Gallup CEO Jim Clifton has discovered a shocking secret about unemployment: its definition.
Those Chicago guys didn't even bother to hide this one in plain sight. It's just sitting there in plain sight, right on the Bureau of Labor Statistics' homepage: only people who don't have a job but are actively looking for one count as unemployed. That means someone who wants work but has given up looking for it because things seem so hopeless isn't "unemployed." Neither is someone who works part-time but can't find the full-time job that they want. Or someone who does whatever odd jobs they can find. Add it all up, and our 5.6 percent unemployment rate is a "Big Lie," according to Clifton.
Okay, that's more than a little melodramatic, but he does have a point. You know who else thinks he does? Fed Chair Janet Yellen. She's emphasized that the unemployment rate doesn't show us all the slack in the labor market right now. The Great Recession put us in such a big hole that you have also have to look at the long-term unemployed, involuntary part-time workers, the participation rate, how many people feel confident enough to quit their jobs, and how much people are getting paid to get a better idea of how the economy is really doing. She's actually talked about this a lot, and so has everyone else who writes about these things ... including, you know, me.
That brings us to one last question. If the unemployment rate is so flawed how come we pay so much attention to it? Well, because it's the worst stat about labor market slack except for all the others. The problem is figuring out which people who don't have jobs are really jobless. Take discouraged workers. The unemployment understates how bad things are by ignoring them, but we wouldn't want to count everyone who's not working and not looking for a job as unemployed, would we? If we did, then we'd be saying that college students and stay-at-home parents and even retirees are just as unemployed as someone who's sending out resumés everyday. But even that's not clear cut since some people go to school because they can't find a job, and some people stay at home since child care would cost more than they'd make, and some people are forced into retirement. That's why we look, for example, at the so-called prime-age participation rate—the percent of people between 25 and 54 years old who have or are looking for a job—to figure out far away we are from a real recovery. And by that measure, we still have a ways to go.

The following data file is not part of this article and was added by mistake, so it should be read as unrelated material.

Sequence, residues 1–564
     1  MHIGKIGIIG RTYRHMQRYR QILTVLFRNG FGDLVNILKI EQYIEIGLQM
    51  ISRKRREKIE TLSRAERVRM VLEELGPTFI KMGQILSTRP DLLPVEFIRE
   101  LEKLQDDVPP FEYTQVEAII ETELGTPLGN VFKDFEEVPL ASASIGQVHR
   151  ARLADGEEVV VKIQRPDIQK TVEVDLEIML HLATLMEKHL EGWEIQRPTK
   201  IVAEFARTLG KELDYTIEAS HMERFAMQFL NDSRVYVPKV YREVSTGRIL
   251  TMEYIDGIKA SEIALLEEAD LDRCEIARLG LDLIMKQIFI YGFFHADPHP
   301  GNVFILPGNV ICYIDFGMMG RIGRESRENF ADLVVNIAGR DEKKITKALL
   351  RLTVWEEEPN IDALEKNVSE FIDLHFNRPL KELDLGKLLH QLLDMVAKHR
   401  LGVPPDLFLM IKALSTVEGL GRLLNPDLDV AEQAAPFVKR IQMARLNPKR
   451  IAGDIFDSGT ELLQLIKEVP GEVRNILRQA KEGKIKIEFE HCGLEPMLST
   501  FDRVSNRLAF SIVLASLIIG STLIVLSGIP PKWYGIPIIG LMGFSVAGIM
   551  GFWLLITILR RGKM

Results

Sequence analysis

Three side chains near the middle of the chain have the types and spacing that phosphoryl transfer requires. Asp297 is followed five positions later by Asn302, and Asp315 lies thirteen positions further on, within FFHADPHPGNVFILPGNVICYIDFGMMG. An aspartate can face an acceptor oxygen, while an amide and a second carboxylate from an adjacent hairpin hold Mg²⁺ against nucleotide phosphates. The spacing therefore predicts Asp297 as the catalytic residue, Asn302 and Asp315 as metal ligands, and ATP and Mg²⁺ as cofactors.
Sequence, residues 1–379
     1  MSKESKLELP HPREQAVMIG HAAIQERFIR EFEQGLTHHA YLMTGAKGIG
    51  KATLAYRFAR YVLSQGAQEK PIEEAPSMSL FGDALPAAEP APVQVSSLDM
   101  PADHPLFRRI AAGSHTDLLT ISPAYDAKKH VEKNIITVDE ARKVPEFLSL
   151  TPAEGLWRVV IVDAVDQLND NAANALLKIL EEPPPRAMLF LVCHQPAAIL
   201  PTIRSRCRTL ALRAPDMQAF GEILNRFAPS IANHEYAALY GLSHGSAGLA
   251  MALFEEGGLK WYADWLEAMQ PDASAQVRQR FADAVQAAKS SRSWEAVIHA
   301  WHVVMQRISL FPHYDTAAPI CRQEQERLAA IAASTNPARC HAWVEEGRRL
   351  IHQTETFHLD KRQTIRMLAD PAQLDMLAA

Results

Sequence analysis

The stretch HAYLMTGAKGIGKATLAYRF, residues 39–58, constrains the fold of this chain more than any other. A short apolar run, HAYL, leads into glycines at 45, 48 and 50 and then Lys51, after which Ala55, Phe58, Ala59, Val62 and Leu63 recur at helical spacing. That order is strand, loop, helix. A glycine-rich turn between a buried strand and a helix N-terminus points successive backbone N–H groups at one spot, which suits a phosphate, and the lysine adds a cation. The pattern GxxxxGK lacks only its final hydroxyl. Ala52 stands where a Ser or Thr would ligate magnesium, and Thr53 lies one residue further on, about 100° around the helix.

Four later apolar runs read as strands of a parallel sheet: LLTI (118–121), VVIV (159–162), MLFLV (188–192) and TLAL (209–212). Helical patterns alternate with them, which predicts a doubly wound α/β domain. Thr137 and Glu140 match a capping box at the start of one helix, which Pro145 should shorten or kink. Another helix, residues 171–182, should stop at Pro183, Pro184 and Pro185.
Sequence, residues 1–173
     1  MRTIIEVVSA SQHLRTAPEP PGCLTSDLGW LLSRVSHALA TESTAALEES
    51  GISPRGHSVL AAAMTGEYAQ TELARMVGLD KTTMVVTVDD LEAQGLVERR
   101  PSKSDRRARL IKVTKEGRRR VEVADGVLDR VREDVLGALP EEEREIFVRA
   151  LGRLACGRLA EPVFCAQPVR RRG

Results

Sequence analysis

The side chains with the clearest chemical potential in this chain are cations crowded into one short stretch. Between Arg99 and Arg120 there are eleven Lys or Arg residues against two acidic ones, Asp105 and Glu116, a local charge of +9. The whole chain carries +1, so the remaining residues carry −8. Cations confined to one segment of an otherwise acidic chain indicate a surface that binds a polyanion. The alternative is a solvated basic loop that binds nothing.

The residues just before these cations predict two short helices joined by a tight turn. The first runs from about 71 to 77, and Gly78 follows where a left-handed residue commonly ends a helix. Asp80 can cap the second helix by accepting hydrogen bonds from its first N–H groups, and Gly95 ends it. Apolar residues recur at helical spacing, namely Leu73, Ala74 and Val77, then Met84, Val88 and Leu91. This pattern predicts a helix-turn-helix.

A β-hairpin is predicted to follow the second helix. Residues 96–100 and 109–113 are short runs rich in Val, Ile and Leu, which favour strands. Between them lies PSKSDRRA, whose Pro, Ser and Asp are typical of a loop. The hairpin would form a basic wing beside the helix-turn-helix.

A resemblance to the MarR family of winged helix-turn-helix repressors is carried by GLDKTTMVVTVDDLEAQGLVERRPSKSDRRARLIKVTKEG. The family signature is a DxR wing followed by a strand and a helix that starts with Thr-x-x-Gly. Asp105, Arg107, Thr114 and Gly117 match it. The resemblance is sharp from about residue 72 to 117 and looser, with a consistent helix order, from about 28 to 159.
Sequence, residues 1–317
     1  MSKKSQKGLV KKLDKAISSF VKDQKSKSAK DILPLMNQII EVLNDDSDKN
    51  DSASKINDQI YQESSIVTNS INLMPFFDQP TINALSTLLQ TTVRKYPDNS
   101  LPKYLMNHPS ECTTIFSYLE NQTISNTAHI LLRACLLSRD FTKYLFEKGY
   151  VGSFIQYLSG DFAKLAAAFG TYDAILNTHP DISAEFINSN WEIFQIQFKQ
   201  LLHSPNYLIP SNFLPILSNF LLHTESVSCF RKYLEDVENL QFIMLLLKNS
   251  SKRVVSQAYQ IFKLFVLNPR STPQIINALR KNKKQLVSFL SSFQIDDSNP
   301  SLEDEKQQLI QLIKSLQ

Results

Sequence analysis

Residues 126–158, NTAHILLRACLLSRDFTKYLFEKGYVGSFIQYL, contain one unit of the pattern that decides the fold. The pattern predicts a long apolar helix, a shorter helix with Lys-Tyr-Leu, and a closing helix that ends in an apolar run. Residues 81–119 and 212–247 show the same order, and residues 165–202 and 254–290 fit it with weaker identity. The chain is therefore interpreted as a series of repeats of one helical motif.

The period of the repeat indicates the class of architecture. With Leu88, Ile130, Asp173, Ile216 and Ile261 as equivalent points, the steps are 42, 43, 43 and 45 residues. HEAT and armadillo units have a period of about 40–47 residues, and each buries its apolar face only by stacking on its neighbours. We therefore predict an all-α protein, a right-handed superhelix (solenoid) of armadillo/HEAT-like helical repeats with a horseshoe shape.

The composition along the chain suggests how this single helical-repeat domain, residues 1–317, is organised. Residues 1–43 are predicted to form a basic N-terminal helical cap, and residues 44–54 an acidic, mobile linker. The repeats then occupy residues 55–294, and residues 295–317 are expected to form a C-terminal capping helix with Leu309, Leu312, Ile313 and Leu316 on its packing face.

But even that's imperfect because it doesn't tell us why people aren't looking for work. It could be that the crisis convinced more people to go to college, regardless of whether they could find a job now. That'd be good. Or it could be that wages have been flat for so long and childcare's gotten so expensive that it's not worth it for people to work now or anytime soon. That'd be bad. Or it could be both. But if either is true, it'd mean that the unemployment rate is more accurate than you might think. In other words, since we can't read people's minds, the best way we can tell what they want is to look at what they've done. That's not entirely right, but it's the least wrong.
So the unemployment rate's not a big lie. But calling it one is.